NASA broke a record this week when its Juno spacecraft, launched in 2011 to get itself into orbit around Jupiter and study the planet and its surroundings, traveled the longest distance of any spacecraft powered solely by solar power.
This Wednesday at 11 A.M. PST, NASA announced Juno was 493 million miles away from the Sun, breaking the standing record of the European Space Agency’s Rosetta spacecraft at 492 million miles away from the Sun where it was keeping in touch with Philae on comet 67P.
"Juno is all about pushing the edge of technology to help us learn about our origins," said Scott Bolton, Juno principal investigator at the Southwest Research Institute in San Antonio. "We use every known technique to see through Jupiter's clouds and reveal the secrets Jupiter holds of our solar system’s early history. It just seems right that the sun is helping us learn about the origin of Jupiter and the other planets that orbit it."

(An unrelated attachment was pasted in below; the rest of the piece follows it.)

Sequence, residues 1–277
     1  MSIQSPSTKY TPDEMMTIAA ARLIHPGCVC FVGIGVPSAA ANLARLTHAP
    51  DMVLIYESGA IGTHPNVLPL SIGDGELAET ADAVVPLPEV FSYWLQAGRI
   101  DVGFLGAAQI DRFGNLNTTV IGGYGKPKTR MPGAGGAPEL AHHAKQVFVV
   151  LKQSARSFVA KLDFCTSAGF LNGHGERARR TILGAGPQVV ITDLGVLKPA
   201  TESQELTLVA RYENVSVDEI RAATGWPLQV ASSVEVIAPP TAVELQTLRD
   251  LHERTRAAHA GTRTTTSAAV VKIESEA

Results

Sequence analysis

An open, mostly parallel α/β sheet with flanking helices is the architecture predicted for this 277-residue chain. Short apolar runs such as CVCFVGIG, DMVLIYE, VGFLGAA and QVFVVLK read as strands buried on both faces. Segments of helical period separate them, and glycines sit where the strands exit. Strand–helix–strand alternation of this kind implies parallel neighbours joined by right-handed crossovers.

Because the distance of Jupiter from the Sun is around five times greater than the distance of the Earth from the Sun, there is significantly less sunlight out there for the spacecraft to operate off of. In fact, NASA says there is 25% less sunlight out there to make use of.
To help with this problem, Juno has massive solar panels designed to absorb absolutely as much sunlight as possible. These panels are approximately 30 feet long and have well over 18,000 solar cells built into them.
The spacecraft is also well-designed to be power efficient, so when it eventually arrives at its destination in 2016, the 500 watts that it’ll be generating will be more than enough to power the spacecraft’s sensors and equipment.
"It is cool we got the record and that our dedicated team of engineers and scientists can chalk up another first in space exploration," said Bolton. "But the best is yet to come. We are achieving these records and venturing so far out for a reason -- to better understand the biggest world in our solar system and thereby better understand where we came from."
The spacecraft will dive into Jupiter’s clouds after 33 orbits when it arrives on Independence Day of 2016, allowing its sensors to capture data about the planet’s atmosphere and magnetosphere.